The Asus ROG Zephyrus is the Thinnest Gaming Laptop on the Market [Hands-On]

Using the Nvidia Max-Q design, Asus packed a ton of power into a really slim frame.

While Computex has expanded in scope dramatically in recent years, it’s still the place to be for gamers. We usually get news about the latest and greatest CPUs and GPUs at the annual trade show in Taipei, but this year saw an uptick in gaming laptops and desktops. That’s largely thanks to an AMD resurgence and Nvidia’s Max-Q design, a new specification that enables much thinner and lighter high-performance gaming laptops. We saw Acer take advantage of that with their Triton 700, but it was Asus that managed to produce the slimmest gaming laptop — the ROG Zephyrus.

Released under Asus’ Republic of Gamers brand, the Zephyrus has the hardware bona fides to qualify as a premium gaming laptop — it runs on a 7th generation Intel Core i7 CPU, an Nvidia GeForce GTX 1080 GPU (a cheaper 1070 option is planned), and up to 24 GB of RAM, with up to a 1 TB PCIe NVMe SSD for storage. That’s all powered by a 50 Whr battery, which would usually be decent, but considering the hardware — well, let’s just say the Zephyrus will probably be plugged in more often than not.

The Zephyrus has a 15.6″ 1080p 120 Hz display with a 5 ms response time. Despite the fact that the hardware should be able to handle 4K gaming, that won’t be an option. Granted, the difference between 1080p and 4K is a little less noticeable on a 15.6″ display than on a larger monitor paired with a tower PC, but a 1080p display means this machine will never maximize the value of all that processing power. The display includes Nvidia’s G-Sync technology, which hitches frame rate to processing, but the problem it’s solving is unlikely to be as pronounced on a 1080p display.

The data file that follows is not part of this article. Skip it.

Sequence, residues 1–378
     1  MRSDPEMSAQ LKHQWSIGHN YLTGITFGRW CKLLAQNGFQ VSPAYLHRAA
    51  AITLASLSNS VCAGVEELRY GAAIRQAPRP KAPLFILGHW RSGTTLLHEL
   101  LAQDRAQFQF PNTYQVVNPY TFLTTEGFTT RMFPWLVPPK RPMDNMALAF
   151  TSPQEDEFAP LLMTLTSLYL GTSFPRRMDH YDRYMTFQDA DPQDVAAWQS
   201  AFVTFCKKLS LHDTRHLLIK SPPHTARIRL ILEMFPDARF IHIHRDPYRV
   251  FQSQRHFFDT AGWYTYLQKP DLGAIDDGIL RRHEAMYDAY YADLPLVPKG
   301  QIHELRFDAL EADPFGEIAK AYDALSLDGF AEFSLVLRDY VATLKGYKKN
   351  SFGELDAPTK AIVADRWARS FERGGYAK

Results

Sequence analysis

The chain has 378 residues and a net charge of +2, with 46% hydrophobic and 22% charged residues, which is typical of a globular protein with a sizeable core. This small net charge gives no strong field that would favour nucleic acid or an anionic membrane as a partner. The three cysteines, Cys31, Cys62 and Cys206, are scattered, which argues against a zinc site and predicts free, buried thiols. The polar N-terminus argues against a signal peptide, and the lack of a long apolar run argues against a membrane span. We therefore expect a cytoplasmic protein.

All of that is packed into a 16.9 mm thick, 4.85 pound frame, making it just a tad thinner than the Acer Triton 700. That’s still thick enough for USB Type-A and HDMI ports, though, and there’s also a fast Type-C Thunderbolt 3 port for data transfer. No ethernet port, but there’s 802.11ac dual-band Wi-Fi, so connectivity shouldn’t be a problem as long as the Wi-Fi network being used is good.

The keyboard, like with the Triton 700, is shifted up as close as possible to the user, so perhaps that’s something required by Max-Q design. That leaves a lot of empty space above the keyboard, making for a bit of an awkward look. Like with any proper gaming machine, there’s RGB backlighting with multiple zones that can be individually customized — the WASD keys can be highlighted in a different color, for example. You can expect 30-key rollover, which means up to 30 key presses can be registered at once. The touchpad has been moved over to the right-hand side, replacing the numerical keypad. But, the touchpad can become a touch numerical keypad, with LED tracing that can be toggled on and off.

I got a chance to play around with the Zephyrus at the Asus booth, and while the performance is not to be doubted — expect a stable 60 fps on virtually any game in 1080p, even on high or ultra settings — it gets about as hot as you’d imagine. Asus didn’t sleep on ventilation, either — besides the expected back vents, the display actually props the keyboard up a bit when opened, creating large holes on the sides for air flow. That’s great, but it still runs super hot — I was using the back of my hand to feel this thing’s temperature. It’s good that this laptop is still made of plastic.

The large bezels and that empty space make for a laptop that could probably look a bit nicer — it’s easy to imagine that when next year’s Max-Q laptops hit, we’ll be looking back at these and shaking our heads. But, here in the present, the thinness and lightness make the Zephyrus a very attractive option for gamers on the go.

You can bet it’ll be expensive. Asus plans to release Zephyrus at the end of June for $2,700, with that cheaper 1070 model costing $2,300. As with the similarly priced Acer Triton 700, that’s probably too expensive. The price makes sense for the hardware inside, but in the end, you’re asking gamers to spend nearly $3,000 on 1080p gaming. The guys making pro gamer bucks might grab one for practice sessions on the road, but for everyone else, this price range probably needs to supply 4K gaming at a minimum.

Check out more of our Computex 2017 coverage right here!

Disclosure: Taiwan External Trade Development Council (TAITRA), an organizer of COMPUTEX, covered our travel expenses to attend COMPUTEX 2017. All thoughts and opinions are 100% our own.